Assistance and Training Field Authority
Background/Description || Participants ||Participating
Countries/ Training Locations|| Resources
The U.S. military departments (Army, Navy,
Air Force, Marines) and the U.S. Coast Guard offer more than
2000 courses at over 150 military schools throughout the U.S.
and abroad. International military students (IMS) generally receive
professional military training in the same courses with U.S.
soldiers. Technical training, usually associated with a particular
weapon system, is sometimes conducted in all&SHY;international
classes. Most classes are conducted in English, the major exception
being Spanish language classes at the U.S. Army School of the
Americas at Fort Benning, Georgia.
Over 7000 IMS were trained in U.S. Army schools alone in fiscal
year 1998. Students participated in several types of formal training
including officer and non&SHY;commissioned officer professional
military education, flight training and technical training. IMS
also participated in orientation tours, on&SHY;the&SHY;job/qualification
training, and observer training.
IMS sit side by side in regular Army classes and also in classes
conducted by the National Guard. Distance learning will be a
reality for international and U.S. students alike. New courses
are being developed to meet the needs of military personnel who
are now expected to be peacekeepers and negotiators as well as
warriors. The U.S. Army School of the Americas fosters hemispheric
understanding and cooperation through courses like peace operations
and humanitarian demining. International students will soon join
U.S. personnel at the Center for Environmental Initiatives and
Hands-On Training at Fort Sill, Oklahoma.
Foreign country officials select the students
for training in the U.S. The U.S. government, however, determines
which countries are eligible to send students to various kinds
of training and also determines the level of aid for IMET students.
Congress, the State Department, and the Department of Defense
all have roles in security assistance training. The State Department,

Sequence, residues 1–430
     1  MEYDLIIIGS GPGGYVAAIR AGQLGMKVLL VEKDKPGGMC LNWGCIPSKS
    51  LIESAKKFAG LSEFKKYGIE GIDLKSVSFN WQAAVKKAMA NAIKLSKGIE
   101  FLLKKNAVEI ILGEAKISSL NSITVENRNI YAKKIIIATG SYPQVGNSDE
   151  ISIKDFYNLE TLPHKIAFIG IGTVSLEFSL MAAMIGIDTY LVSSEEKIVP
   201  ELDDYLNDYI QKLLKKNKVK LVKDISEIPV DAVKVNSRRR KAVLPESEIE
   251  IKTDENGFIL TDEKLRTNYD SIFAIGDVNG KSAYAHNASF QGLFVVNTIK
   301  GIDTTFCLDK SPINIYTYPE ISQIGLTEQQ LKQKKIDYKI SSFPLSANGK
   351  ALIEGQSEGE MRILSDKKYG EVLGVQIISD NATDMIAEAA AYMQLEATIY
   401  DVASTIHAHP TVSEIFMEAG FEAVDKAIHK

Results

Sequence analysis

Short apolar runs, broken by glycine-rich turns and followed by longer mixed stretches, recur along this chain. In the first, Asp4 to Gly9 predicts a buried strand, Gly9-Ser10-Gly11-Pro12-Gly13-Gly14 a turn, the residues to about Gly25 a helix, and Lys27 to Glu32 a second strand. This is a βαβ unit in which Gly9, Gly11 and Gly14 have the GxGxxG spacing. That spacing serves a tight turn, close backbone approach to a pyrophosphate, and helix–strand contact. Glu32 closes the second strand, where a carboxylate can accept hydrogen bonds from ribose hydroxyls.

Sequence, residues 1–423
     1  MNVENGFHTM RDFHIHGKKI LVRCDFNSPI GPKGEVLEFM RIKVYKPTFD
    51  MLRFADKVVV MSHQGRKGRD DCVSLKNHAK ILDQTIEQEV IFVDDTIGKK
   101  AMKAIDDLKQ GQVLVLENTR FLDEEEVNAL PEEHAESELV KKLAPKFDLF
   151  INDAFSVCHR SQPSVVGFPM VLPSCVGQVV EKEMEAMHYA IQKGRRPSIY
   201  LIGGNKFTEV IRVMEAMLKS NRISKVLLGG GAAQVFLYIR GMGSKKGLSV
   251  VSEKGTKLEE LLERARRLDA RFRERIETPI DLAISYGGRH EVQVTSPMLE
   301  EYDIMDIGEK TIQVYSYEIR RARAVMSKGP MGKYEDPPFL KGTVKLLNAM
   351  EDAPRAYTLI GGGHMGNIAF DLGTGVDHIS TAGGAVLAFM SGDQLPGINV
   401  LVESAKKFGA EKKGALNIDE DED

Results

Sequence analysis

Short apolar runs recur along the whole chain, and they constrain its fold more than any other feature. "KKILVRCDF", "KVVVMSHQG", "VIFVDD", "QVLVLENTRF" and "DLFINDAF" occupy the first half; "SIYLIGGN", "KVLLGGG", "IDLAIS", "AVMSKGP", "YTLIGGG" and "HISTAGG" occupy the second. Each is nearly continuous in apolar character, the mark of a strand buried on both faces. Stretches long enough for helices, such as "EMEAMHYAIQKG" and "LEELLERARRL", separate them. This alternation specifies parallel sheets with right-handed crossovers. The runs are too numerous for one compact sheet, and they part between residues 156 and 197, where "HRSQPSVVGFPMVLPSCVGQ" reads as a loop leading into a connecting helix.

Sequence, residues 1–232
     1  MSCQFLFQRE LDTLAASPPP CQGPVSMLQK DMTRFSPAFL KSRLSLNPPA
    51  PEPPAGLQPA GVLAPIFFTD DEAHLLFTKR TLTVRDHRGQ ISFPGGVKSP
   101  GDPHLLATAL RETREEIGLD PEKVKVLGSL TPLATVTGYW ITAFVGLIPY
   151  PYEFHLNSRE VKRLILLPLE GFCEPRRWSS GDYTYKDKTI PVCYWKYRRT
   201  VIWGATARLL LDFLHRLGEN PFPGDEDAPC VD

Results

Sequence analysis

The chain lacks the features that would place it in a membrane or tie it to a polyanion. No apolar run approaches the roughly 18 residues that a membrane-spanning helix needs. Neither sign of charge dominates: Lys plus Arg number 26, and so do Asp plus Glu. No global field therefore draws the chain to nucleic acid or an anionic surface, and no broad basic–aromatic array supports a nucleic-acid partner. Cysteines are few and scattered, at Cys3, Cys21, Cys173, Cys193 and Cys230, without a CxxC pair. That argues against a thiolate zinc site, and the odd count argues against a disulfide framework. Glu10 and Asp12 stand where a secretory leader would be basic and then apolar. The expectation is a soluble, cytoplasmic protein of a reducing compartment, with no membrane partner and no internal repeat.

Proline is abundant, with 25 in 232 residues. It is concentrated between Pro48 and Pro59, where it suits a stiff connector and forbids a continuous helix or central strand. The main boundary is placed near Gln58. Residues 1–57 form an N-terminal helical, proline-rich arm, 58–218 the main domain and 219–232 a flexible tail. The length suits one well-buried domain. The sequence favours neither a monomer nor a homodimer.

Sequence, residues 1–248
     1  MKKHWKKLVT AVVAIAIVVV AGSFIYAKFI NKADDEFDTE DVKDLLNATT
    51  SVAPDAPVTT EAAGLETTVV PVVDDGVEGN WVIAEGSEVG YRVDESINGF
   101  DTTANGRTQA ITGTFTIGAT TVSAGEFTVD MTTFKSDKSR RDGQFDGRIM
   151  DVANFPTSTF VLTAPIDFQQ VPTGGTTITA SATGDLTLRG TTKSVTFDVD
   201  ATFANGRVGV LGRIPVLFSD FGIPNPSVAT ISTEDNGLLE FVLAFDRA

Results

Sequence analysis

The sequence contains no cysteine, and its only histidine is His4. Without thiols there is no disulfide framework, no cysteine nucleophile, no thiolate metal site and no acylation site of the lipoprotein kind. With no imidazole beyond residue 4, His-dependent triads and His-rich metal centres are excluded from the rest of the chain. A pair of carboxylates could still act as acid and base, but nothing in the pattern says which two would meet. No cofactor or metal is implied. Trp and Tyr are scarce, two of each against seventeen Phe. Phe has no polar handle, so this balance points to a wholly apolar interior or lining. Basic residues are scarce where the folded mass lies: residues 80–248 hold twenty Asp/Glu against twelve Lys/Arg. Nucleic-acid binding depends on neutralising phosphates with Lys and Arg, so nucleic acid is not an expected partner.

in accordance with the national security policies developed by
the President, determines whether IMET/EIMET programs would further
U.S. political and national security interests in particular
foreign countries and recommends to Congress how much should
be spent. Congress reviews these proposals and provides funds
for approved IMET/EIMET programs. The State Department, in consultation
with Congress, also determines which countries will be allowed
to purchase particular equipment and training under FMS.
U.S. officials from the Department of State work with foreign
governments, and representatives from the Department of Defense
work with foreign military personnel to develop training programs
that are consistent with U.S. foreign policy objectives and useful
to the country concerned. Programs must be within the funding
levels set by Congress if U.S. money is involved. The Security
Assistance Organization in each country, under the direction
and supervision of the U.S. ambassador, works with representatives
from each of the military services to ensure that training programs
are consistent with Department of Defense regulations.
Students selected for training in the U.S. must have the same
qualifications as their U.S. peers. Students must understand
and speak English to participate in most Security Assistance
Training. Friendships that develop between IMS and their classmates
often endure for years and contribute to the understanding and
rapport between our Army and those of other countries.
Former students such as David D. Tevzadze,
the Georgian Minister of Defense and a 1997 graduate of the U.S.
Army Command and General Staff College, are restructuring their
countries' armed forces and working closely with U.S. military
personnel in a variety of ways. Two 1987 graduates of the National
Defense University, Admiral Christopher A. Barrie from Australia